A sixteen-cell Mk-41strategic length vertical launch system was fitted in between the second turret and the superstructure. This unusual arrangement forced the designers to move the superstructure aft, removing any possibility of a helicopter hanger being included in the design. The previous three classes of frigates / destroyer escort had also not included any helicopter facilities. The increased facilities on several destroyer classes more than made up for this and the tradition was continued in the Soyakaze class. The increased role of helicopters and VTOL aircraft made this a detriment to the class, and the follow on class was to include aircraft facilities.


Triple torpedo tubes were mounted on either side for anti-submarine warfare. In addition, a single Mk 15 Phalanx CIWS was mounted on the aft of the frigate for close-in defense. A Mk 44 “Sea Sabre” combination CIWS replaced the Mk-15 Phalanx in the early Twenty-Seventies.


For sensors, these frigates mounted systems originating from Japan to reduce costs. In general, these systems were considered just as good if not better than those developed by other nations, including the United States and Great Britain. The recently designed OPS-34 rotating active single phased array dual air and surface search radar was incorporated into the design from the start. The capabilities of the unit were considered slightly better than that of the similar American SPS-88 system.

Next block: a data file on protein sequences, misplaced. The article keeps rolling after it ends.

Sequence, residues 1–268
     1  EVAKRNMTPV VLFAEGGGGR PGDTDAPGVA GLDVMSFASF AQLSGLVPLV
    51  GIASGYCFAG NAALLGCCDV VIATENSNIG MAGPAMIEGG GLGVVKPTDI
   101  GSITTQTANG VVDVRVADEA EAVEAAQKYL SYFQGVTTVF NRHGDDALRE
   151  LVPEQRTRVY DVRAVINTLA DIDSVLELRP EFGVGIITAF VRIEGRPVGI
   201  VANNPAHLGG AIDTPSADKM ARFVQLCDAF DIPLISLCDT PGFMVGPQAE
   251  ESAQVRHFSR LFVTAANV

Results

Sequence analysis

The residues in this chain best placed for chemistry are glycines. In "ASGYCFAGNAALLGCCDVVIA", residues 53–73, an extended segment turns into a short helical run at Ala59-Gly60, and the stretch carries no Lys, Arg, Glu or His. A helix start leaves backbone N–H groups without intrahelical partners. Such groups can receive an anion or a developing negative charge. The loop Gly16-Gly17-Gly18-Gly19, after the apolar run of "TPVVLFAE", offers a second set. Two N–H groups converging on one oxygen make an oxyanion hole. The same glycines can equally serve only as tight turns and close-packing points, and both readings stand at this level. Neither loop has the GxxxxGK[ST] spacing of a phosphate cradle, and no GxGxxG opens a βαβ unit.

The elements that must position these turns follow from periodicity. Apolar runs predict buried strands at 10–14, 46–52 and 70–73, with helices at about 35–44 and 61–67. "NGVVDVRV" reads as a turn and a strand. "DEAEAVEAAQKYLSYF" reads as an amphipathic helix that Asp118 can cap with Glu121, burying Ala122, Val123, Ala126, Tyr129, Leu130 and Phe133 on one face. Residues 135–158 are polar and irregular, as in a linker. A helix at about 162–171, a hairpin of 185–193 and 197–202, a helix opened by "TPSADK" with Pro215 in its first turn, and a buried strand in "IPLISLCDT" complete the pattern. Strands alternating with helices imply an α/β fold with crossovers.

A Japanese designed and built Hitachi OQS-15 hull-mounted sonar was mounted under the bow of the frigates. The Japanese were still perfecting their own advanced towed sonar array system. As a result, they purchased American systems until their own advanced towed array sonar system was ready for deployment.


The initial power plant was a pair of powerful gas turbine engines which used electrical transmission to drive a single shaft and gave the frigate a top speed of thirty-two knots. In comparison, the old Abukuma class destroyer escorts had a top speed of twenty-seven knots. These engines were replaced in the early Twenty-Seventies by fusion turbines which gave the frigates virtually unlimited range and increased top speed up about two knots to 34 knots.


These ships underwent substantial refit in the mid Twenty-Eighties to increase their effectiveness. The entire forward section of the ship was redesigned in a fashion that is somewhat reminiscent of the refits to the Canadian Huron class destroyers during the late Nineteen-Eighties. However, unlike the Canadian vessels, a small additional plug had to be added in order to make enough space for the new weapon systems. There was criticism of the refit because of the age of the vessels especially with the pending possibility of replacement of these frigates in the near future.


The two 127 mm gun mounts were removed along with the sixteen cell Mk 41 vertical launch system. In their place, a single 155 mm gun mount along with a forty-eight cell Mk 59-B vertical launch system were mounted. While the ability to fire cruise missiles was lost, they had been rarely carried aboard the frigate anyway. The lengthening of the hull was required to mount the 155 mm gun in the place of the 127 mm gun and the hull required reinforcement as well.


At the same time, the superstructure was rebuilt in order to refit the frigates with an improved electronic suite. For radar systems, the OPS-34 dual rotating active phased array air and surface search radar was succeeded by the OPY-4J active rotating phased array system with vastly improved range and tracking abilities. Both sonar systems were also replaced with newer units that were designed by Japanese engineers.